Craig Miller, a medical videographer at Wilford Hall Medical Center on the grounds of the Lackland Air Force Base just outside of San Antonio, TX, has a demanding yet noble job: to capture the sights and sounds of surgeries for military hospital instructional videos. Working closely with some of the U.S. military's most distinguished surgeons in the Medical Multimedia Flagship, Miller daily records both audio and video of the latest surgical processes, which is then compiled to train others stationed in Air Force hospitals worldwide.
Miller insists that for the longest time, his department possessed a very capable video system, yet the quality of his audio-gathering tools was lacking to the point of his perpetual embarrassment. "I've had wireless audio equipment that just wasn't reliable, and would have to make 'workarounds' for things just to function," Miller revealed. "I literally had a junk drawer full of wireless mics that we used. It was like using a 500 horsepower dragster in the Avid system, and then my audio system was like using training wheels on it. Doctors would ask, 'What do you mean you have a $164,000 Avid system? And the audio sounds like this?' I finally said, 'That's it, I'm not going to skimp anymore.'"
After doing a bit of research, Miller discovered Lectrosonics wireless audio systems. "I called Lectrosonics to find out why their equipment has such a good reputation and learned a lot about their stellar manufacturing process," he recalled. Soon after, he purchased a bevy of aluminum-housed Lectrosonics products: the UCR201 compact UHF receiver, UCR411A Digital Hybrid Wireless compact receiver, UM200C wideband UHF belt-pack transmitter, and the UM400 Digital Hybrid Wireless UHF belt-pack transmitter, which, Miller said, is still on back order. He can hardly wait to get it. "I have the other models, but the UM400 is going to be my baby. Now I have equipment that's better than what 'combat camera' gets; it's so rugged that it could go off to war, if need be."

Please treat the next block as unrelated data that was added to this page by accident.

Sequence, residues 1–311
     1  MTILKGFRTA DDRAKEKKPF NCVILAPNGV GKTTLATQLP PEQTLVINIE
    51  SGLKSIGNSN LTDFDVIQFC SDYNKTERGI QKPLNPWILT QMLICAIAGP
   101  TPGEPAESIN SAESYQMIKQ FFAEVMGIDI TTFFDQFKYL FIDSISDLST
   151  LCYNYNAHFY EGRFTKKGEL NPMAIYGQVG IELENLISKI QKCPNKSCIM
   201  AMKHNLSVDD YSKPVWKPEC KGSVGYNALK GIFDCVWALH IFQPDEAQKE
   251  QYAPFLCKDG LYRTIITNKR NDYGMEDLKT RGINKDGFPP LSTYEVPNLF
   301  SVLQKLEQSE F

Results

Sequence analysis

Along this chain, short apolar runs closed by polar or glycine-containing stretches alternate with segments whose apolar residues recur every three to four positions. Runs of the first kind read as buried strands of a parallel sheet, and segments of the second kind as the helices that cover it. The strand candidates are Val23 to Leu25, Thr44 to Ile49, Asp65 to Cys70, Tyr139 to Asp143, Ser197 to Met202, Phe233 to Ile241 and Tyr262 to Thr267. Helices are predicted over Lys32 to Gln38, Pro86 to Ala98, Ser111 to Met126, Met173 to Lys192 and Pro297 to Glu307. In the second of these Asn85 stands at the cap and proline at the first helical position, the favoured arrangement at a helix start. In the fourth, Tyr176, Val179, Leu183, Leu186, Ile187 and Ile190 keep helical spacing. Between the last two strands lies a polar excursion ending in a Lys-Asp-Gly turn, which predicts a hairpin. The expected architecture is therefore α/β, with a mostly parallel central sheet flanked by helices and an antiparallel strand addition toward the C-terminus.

Along with his new Lectrosonics wireless microphone equipment, Miller's audio and video rig features Canon GL1-S cameras for location video recording, dual Avid Media Composer systems, and an analog Mackie mixer for his productions' dialogue-only audio tracks. "We'll incorporate the Lectrosonics equipment into our in-house recording setup, too," Miller insisted. "I'm going to use it for everything."
Miller's work on surgical videos places him in demanding environments where there simply isn't a second take. "The quality of the audio is very important in the narrative aspect when the doctor puts the video together," Miller explained. "Before, I would have to use the equalizer built into the Avid system to get the sound to an acceptable level. But even then, it really never got there. It never had the quietness or dynamic range that the Lectrosonics equipment provides. Now, the people we record will be more confident. They are rarely speakers and often shy away from the microphone. When I tell them that this is a piece of equipment that will get their message across, which, in turn, teaches them to save lives over in the war, they're going to feel a lot more confident and sound a whole lot better."